Ignorance is Not Always Bliss – Unprepared Deposition Witness Results in Sanctions (NY)
December 14, 2016
The Southern District recently sanctioned perfume company Excell Brands, for producing a witness who was unable to answer questions at deposition in <em><a href="http://blog.wcmlaw.com/wp-content/uploads/2016/12/Coty-v.-Excell-Brands-LLC.pdf">Coty v. Excell Brands, LLC</a>.</em> The Court required Excell to pay attorney’s fees to plaintiffs, Coty, Calvin Klein and Vera Wang after Defendant’s witness proved to be “patently unprepared” at his deposition.
<em>Coty</em> arose in September 2015, from a trademark infringement suit in which fragrance brands, Calvin Klien and Vera Wang, brought suit against Excell for selling low-grade “knock offs” of their fragrances, using similar name, scent and packaging as plaintiffs.
Plaintiffs served Excell with a deposition notice seeking testimony about the ingredients and chemical compositions of Excell’s fragrances. At Exell’s first deposition, Excell produced a retail salesman who was unable to answer questions on the topic.
At the subsequent deposition, Excell produced a board member who when asked what he had done to prepare for deposition, stated “not much.” When asked about the ingredients of Excell’s perfumes, the board member answered nearly 40 of plaintiffs' questions with a variation of “I don’t know.”
Plaintiffs successfully moved for sanctions pursuant to Rule 37 of the Federal Civil Procedure Rules. Judge Furman held that “given that Pfau [board member] lacked a background in chemistry, had no involvement in the day-to-day operations of Excell and is not even an Excell employee, the need for him to gather additional information prior to his deposition was manifest.”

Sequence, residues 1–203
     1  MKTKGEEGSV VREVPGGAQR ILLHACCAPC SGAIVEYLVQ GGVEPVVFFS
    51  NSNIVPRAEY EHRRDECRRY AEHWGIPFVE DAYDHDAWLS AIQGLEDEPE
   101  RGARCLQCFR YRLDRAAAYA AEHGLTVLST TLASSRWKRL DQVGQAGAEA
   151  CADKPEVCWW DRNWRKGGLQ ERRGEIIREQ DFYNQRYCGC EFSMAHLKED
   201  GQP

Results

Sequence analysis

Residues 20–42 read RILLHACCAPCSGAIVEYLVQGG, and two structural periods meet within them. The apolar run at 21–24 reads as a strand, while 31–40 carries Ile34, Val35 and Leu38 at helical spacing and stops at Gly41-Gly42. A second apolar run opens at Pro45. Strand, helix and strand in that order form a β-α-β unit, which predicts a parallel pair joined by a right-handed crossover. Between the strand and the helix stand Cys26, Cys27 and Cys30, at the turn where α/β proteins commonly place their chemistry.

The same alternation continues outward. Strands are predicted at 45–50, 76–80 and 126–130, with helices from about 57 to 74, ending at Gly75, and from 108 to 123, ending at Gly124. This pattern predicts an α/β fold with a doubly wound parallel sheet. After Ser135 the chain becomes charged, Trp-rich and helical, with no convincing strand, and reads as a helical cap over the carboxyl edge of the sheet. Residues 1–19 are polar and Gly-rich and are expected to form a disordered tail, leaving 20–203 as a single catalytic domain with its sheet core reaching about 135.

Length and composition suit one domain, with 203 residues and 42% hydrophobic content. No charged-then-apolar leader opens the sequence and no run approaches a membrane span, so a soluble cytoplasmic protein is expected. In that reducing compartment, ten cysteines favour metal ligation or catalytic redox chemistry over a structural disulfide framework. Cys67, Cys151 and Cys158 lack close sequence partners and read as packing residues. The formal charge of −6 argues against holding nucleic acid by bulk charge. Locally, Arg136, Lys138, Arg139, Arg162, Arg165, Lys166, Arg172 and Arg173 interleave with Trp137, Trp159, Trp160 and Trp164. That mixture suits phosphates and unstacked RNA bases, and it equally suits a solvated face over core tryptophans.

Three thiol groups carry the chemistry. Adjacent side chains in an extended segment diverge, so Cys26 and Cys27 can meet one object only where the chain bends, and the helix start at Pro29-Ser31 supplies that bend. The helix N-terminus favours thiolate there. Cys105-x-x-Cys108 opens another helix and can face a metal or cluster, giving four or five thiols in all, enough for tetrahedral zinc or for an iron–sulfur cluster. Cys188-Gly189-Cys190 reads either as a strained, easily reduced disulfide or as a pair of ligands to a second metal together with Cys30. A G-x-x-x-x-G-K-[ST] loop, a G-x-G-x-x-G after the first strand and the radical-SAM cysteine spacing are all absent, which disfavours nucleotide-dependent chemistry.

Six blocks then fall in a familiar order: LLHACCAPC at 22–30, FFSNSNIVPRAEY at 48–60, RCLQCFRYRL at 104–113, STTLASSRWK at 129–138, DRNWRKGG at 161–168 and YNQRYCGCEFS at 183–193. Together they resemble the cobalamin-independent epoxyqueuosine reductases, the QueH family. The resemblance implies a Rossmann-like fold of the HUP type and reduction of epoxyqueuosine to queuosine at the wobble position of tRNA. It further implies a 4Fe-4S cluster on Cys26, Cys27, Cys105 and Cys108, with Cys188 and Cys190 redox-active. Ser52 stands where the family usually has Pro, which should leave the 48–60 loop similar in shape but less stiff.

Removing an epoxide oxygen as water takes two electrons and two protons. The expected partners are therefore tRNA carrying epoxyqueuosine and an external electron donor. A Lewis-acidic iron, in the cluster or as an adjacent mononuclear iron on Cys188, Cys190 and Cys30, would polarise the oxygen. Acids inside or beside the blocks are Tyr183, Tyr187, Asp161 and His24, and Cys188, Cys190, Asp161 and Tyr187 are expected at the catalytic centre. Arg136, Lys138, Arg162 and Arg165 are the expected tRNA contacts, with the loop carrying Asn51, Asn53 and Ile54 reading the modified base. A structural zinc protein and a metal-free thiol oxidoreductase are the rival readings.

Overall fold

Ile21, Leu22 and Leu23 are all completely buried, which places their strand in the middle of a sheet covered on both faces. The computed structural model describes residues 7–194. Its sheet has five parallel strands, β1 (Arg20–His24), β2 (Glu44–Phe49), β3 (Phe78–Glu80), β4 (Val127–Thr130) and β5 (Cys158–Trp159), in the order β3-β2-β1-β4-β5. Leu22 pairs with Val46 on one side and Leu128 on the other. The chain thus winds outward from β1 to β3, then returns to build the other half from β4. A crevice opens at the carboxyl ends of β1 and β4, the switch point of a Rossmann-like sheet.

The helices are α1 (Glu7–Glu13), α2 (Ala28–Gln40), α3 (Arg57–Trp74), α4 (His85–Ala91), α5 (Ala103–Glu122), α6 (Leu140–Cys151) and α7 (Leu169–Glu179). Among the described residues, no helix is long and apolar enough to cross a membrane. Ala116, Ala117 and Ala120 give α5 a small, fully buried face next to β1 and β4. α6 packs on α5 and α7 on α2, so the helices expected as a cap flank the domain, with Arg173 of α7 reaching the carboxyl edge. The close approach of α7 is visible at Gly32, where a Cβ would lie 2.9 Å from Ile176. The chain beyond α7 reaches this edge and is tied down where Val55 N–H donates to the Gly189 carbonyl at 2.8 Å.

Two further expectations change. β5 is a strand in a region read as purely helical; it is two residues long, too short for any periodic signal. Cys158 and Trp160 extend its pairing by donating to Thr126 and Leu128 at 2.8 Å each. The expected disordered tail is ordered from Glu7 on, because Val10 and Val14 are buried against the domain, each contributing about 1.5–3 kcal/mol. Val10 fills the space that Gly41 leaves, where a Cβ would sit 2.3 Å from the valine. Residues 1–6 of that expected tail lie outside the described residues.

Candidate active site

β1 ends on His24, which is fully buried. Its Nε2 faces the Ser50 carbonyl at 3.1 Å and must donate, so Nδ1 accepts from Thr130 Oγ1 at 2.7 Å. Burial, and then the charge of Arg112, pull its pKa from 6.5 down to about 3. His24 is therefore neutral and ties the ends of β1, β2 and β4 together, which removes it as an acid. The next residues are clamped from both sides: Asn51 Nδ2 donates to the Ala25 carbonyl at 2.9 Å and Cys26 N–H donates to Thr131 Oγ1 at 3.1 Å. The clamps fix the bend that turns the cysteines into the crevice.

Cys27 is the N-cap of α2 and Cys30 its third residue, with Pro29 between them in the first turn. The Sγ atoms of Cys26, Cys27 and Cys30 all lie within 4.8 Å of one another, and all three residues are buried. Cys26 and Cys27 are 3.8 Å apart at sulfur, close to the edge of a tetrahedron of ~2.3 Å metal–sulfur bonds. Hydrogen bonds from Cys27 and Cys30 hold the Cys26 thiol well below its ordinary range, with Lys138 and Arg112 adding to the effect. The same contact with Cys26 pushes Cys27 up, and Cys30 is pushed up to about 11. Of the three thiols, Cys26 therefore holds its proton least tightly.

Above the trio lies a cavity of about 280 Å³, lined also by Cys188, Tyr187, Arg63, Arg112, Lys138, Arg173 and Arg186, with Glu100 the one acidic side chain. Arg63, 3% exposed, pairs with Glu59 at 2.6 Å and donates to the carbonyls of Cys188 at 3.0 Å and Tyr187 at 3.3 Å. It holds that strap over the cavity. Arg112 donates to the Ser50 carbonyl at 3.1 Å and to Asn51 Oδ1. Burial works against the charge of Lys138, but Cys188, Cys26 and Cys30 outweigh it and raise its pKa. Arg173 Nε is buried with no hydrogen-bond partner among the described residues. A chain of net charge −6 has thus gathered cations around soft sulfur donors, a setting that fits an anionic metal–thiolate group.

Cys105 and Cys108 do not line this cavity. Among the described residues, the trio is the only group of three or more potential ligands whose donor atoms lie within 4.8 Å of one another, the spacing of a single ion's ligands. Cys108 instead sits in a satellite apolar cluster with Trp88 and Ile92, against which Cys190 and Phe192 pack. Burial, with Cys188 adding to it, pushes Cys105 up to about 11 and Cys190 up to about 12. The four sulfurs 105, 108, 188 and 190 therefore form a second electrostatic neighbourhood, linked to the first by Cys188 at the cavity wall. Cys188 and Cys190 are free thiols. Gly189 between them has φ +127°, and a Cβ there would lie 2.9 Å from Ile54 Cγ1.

The Judge indicated the board member should have, at a minimum, spoken with the company president who was indicated at the first deposition as having knowledge. The judge found his lack of preparation “egregious and worthy of sanctions.” Not only did the Judge impose sanctions but also prohibited Excell from introducing any evidence at trial on the ingredients and chemical compositions of the scent of each fragrance.
The Court’s ruling demonstrates the extreme importance of not only selecting the right person for a deposition but of also sufficiently preparing that witness for the deposition, lest that party be precluded from relying upon such information at trial. Thanks to Patrick Burns for his contribution to this post. Please email <a href="mailto:BGibbons@wcmlaw.com">Brian Gibbons</a> for any questions.